Gerald Dickens. Bombing and Strategy: The Fallacy of Total War. London: Sampson Low, Marston, n.d. [1946?]. That's Admiral Sir Gerald Dickens KCVO CB CMG to you and me, the grandson of Charles Dickens no less. An example of airpower scepticism. I had hoped that it was the 1941 edition, but the 'n.d.' turns out to mean c. 1946. But then I get to see what he makes of the atomic bomb, so that's not so bad.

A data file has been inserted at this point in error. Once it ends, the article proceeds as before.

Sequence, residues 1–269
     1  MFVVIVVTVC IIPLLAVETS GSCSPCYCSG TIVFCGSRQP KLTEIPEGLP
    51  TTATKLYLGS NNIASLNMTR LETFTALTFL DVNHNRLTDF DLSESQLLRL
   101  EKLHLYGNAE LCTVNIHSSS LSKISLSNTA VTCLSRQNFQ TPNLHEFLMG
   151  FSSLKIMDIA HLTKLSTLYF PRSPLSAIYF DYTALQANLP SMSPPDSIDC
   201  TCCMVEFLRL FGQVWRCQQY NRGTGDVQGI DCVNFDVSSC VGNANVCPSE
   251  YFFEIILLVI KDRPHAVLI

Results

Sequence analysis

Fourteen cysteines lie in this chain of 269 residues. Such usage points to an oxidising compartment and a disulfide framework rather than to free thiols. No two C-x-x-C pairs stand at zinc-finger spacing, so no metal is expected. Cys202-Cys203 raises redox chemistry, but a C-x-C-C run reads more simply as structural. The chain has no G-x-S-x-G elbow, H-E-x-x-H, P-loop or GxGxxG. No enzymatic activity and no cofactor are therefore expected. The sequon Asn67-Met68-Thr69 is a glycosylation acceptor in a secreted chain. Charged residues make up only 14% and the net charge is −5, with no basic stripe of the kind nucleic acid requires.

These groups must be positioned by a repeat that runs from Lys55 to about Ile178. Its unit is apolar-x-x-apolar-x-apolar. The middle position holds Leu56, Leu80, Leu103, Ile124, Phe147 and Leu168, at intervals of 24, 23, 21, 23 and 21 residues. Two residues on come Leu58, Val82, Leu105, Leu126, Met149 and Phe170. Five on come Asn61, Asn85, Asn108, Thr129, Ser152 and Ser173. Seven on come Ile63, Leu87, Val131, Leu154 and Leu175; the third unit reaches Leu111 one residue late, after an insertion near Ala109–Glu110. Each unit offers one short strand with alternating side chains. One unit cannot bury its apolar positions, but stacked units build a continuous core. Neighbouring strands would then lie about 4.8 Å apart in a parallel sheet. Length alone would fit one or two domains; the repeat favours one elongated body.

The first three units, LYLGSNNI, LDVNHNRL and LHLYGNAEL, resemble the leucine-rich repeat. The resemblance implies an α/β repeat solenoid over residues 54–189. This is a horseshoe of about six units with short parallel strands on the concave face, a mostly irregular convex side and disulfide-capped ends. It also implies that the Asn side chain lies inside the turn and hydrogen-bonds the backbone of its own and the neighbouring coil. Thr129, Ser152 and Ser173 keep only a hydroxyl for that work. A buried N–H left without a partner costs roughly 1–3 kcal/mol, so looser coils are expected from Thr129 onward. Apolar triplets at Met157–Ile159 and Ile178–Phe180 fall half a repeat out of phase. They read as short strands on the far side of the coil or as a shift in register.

Michael S. Neiberg. Dance of the Furies: Europe and the Outbreak of World War I. Cambridge and London: Belknap Press, 2011. Cuts a wide swathe through Europe in 1914 in constructing the argument that contrary to widespread belief, the coming of war was a huge surprise to contemporaries. I waver on this myself; the First World War seems like the most overdetermined war in history, but there is plenty of evidence to suggest it was unexpected. I guess it can be both.

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